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Children, Taxes, and Unearned Income

There have been recent news stories about officials in different places shutting down lemonade stands and other business enterprises set up by children for various reasons, including permits, health code concerns, and taxation issues. We may assume that children are free from the same taxes that apply to adults but that is not so. Some children have income they earn and income that they get from investments and tax law treats these categories of income differently.

In “Generational Financial Planning Within the Kiddie Tax Limits,” writing for Forbes, David John Marrotta examines tax law as it applies to children’s unearned income:

“The kiddie tax (or “Tax for Certain Children Who Have Unearned Income” as the IRS calls it) is a set of tax laws which force unearned income over a small amount to be taxed at the higher tax rate of the parents. For 2017, the kiddie tax limits allows $1,050 to be received without being taxed and the next $1,050 to be taxed at the child’s rate, while any unearned income in excess of $2,100 is taxed at the parent’s top marginal rate.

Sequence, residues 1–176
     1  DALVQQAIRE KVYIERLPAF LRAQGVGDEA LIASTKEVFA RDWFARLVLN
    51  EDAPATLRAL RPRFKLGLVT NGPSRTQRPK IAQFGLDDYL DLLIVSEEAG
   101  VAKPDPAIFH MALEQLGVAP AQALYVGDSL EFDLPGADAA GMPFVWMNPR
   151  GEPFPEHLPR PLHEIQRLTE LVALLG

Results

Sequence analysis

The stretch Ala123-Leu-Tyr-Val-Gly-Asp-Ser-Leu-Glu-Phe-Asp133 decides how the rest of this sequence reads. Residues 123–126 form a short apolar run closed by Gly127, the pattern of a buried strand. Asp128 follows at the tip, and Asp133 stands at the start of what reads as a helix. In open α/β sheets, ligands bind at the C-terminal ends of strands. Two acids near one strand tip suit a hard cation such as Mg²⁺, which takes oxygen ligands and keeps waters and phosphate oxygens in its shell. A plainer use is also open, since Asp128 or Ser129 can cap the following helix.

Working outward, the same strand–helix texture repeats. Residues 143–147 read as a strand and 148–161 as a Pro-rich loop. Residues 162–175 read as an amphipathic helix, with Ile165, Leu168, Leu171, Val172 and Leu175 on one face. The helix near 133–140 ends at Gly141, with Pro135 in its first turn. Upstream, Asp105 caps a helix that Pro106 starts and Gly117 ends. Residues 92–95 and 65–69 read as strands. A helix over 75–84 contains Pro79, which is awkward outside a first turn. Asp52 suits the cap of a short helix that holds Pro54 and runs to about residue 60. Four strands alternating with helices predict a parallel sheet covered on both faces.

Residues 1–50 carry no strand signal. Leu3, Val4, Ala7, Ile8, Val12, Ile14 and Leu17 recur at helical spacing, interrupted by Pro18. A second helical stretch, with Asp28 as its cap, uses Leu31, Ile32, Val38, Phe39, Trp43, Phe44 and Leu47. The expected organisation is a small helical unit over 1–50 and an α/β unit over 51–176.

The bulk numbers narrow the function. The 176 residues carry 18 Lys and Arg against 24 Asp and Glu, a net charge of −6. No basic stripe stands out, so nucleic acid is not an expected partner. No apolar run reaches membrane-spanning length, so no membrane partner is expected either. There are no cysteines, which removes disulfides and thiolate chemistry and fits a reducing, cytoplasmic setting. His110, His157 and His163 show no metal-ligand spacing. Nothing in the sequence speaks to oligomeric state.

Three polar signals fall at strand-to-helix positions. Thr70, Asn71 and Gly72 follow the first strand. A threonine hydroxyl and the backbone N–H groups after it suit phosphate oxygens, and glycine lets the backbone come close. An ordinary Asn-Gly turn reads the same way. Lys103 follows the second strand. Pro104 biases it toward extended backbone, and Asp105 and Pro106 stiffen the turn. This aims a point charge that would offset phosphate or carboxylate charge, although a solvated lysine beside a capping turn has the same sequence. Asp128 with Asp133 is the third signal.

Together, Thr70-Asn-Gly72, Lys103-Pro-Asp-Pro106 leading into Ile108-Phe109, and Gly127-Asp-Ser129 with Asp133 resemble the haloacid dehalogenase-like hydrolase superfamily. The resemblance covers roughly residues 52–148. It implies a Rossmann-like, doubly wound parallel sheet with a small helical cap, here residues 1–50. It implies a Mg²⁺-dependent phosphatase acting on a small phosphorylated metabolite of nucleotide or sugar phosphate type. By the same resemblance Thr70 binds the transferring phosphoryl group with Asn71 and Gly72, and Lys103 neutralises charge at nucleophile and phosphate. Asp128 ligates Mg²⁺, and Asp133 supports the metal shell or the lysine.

This tax can cause the children of wealthy parents to lose any preferential treatment of qualified dividend income and be taxed at a rate higher than that of a multimillionaire.”

A Fee-Only financial planner can help you decide just what assets to give to your children or grandchildren, how to pass these assets on, and the timing of when you pass on these assets.

The article notes that income your child earns through work is not going to be taxed the way investments like stocks can be. It also suggests that it would be ideal if you were able to have your child work in a family business because they could earn money (that wouldn’t be taxed the way unearned income is taxed) and you could put money into the company Roth 401(k) for them.

Overall consider this final piece of advice Marrotta: “Families that consider generational financial planning techniques can reduce the burden of taxes on the family as a whole.”